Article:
In Frontierland guests can relive the American Old West, from the romanticized cowboys and Native Americans, to exploring the mysteries of the Rivers of America. It contains classic attractions such as Big Thunder Mountain Railroad, Splash Mountain, and the Country Bear Jamboree.
Liberty Square is based on an American Revolutionary colonial town. The Magic Kingdom's Rivers of America hosts the Liberty Belle riverboat. Liberty Square is home to classic attractions such as the Haunted Mansion, the Hall of Presidents, the Liberty Belle Riverboat, and a sign up location for Sorcerers of the Magic Kingdom behind the Christmas shop.
Fantasyland is themed in a medieval-faire/carnival style, in the words of Walt Disney: "Fantasyland is dedicated to the young at heart and to those who believe that when you wish upon a star, your dreams come true." Classic attractions include it's a small world, Peter Pan's Flight, The Many Adventures of Winnie the Pooh, Mickey's PhilharMagic, Prince Charming Regal Carrousel, and Mad Tea Party. Fantasyland is currently undergoing an expansion that will nearly double its size and add new attractions and other guest offerings. The expansion is scheduled to be completed in phases through 2014.
Part of Fantasyland, Storybook Circus is located at the former site of Mickey's Toontown Fair, and is based on elements from Dumbo and the Mickey Mouse universe. Attractions include The Barnstormer and Dumbo the Flying Elephant, which was removed from its former location on January 8, 2012. Also included is a stop on the Walt Disney World Railroad, and a Casey Jr. Splash n' Soak Station (a water play area themed to Casey Jr., the train from Dumbo.) Storybook Circus began soft openings on March 12, 2012, with more parts opening on March 31. Mickey's Toontown Fair closed permanently on February 11, 2011, to make way for Storybook Circus. Some elements of Mickey's Toontown Fair were demolished, and others were re-themed to fit the circus concept. An expanded Dumbo the Flying Elephant ride was built, with an interactive queue, and a second Dumbo ride was built next to it, in order to increase capacity. The Barnstormer at Goofy's Wiseacre Farm was re-themed to "The Great Goofini". A big top area was built for meet-and-greets, called Pete's Silly Sideshow. This attraction features Goofy as a stuntman, Minnie as a magician, Daisy as a fortune-teller, and Donald as a snake-charmer.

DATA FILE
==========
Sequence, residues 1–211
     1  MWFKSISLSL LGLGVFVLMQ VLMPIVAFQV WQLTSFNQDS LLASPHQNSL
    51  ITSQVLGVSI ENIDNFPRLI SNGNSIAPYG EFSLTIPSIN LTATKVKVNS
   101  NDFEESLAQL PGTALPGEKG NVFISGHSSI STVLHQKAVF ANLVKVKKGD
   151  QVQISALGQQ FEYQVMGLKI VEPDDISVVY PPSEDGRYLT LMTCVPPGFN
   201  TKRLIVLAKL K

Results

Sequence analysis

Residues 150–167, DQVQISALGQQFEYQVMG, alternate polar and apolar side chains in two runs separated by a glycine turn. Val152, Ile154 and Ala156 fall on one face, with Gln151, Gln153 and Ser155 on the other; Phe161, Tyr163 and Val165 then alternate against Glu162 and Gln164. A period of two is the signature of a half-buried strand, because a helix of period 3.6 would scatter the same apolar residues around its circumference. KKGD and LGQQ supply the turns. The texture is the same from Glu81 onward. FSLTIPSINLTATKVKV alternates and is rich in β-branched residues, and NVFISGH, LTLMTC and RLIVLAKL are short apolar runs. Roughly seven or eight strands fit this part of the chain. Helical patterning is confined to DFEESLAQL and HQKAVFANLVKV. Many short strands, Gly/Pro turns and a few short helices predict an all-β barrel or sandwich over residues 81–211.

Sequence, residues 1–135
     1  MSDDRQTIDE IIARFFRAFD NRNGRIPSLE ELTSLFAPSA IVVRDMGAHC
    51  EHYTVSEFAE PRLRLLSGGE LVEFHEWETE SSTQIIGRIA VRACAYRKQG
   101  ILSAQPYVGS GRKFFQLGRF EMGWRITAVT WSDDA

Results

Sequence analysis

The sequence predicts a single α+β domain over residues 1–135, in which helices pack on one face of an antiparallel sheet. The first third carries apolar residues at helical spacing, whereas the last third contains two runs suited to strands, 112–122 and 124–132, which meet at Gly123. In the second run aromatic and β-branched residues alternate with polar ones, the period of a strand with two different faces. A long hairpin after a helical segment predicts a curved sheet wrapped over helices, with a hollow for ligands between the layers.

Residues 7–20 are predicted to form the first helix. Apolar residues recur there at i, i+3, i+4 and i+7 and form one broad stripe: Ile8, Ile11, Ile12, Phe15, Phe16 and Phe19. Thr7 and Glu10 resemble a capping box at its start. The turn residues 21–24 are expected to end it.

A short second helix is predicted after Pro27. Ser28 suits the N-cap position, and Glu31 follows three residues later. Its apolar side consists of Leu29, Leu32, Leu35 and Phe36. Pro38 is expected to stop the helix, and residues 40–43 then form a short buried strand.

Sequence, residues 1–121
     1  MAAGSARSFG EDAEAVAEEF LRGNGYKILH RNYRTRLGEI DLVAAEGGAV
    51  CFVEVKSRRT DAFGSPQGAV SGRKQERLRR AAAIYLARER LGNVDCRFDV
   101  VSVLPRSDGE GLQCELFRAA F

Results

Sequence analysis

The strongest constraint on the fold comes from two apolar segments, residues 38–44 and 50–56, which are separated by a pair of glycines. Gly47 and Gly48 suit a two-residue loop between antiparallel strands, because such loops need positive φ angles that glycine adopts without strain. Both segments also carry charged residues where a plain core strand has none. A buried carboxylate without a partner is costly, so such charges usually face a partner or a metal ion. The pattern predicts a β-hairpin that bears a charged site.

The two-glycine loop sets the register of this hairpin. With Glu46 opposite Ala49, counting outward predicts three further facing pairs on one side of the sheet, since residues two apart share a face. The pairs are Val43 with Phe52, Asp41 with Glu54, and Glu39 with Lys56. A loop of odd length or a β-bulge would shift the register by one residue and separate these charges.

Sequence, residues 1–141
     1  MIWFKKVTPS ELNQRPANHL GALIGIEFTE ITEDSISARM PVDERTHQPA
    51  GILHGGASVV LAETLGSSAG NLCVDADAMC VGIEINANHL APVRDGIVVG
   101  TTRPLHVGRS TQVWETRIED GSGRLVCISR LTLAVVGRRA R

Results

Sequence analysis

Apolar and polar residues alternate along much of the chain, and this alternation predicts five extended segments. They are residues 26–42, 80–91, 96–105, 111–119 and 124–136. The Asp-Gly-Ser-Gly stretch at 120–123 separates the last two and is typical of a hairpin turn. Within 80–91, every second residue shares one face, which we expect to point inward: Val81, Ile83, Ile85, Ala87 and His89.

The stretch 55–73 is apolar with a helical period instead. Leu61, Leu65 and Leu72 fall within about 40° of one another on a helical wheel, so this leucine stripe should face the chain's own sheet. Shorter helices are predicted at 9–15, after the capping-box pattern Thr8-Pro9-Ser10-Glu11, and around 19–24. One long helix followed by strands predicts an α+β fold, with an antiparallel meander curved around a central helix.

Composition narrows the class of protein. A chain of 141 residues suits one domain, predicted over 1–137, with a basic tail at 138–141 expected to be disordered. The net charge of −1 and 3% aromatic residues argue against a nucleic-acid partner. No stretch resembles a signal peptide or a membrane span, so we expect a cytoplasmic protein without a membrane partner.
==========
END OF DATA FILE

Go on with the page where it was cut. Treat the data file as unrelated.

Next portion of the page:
With the completion of Storybook Circus and Enchanted Forest, Magic Kingdom Park now covers 133 acres.
Recent conceptual artwork shows several new additions and changes that will make up the New Fantasyland. Included is a new dark ride, themed to Disney's 1989 film The Little Mermaid, that originally opened at Disney California Adventure. There is also an area, themed to Disney's 1991 film Beauty and the Beast, featuring the Beast's Castle with a new dining experience, Gaston's Tavern, and Belle's cottage. Snow White's Scary Adventures was removed to build Princess Fairytale Hall, a meet-n-greet. This portion of the New Fantasyland officially opened on December 6, 2012. Opening in 2014 will be another part of the New Fantasyland featuring an attraction themed to Snow White and the Seven Dwarfs, which will feature Snow White's cottage and The Seven Dwarfs Mine Train roller coaster ride, the first roller coaster to move in a wobbling motion on track.
Tomorrowland is set in an intergalactic city, a concept of the future as seen from around the 1950s: rockets, UFOs and robots, etc. In the words of Walt Disney: "Tomorrow can be a wonderful age. Our scientists today are opening the door of the Space Age to achievements that will benefit our children and generations to come. The Tomorrowland attractions have been designed to give you an opportunity to participate in adventures that are a living blueprint of our future." Classic attractions include Space Mountain, Walt Disney's Carousel of Progress, Astro Orbiter, Tomorrowland Transit Authority PeopleMover and the Tomorrowland Speedway. Other current attractions include Stitch's Great Escape, Buzz Lightyear's Space Ranger Spin, and Monsters, Inc. Laugh Floor.
Transportation and Ticket Center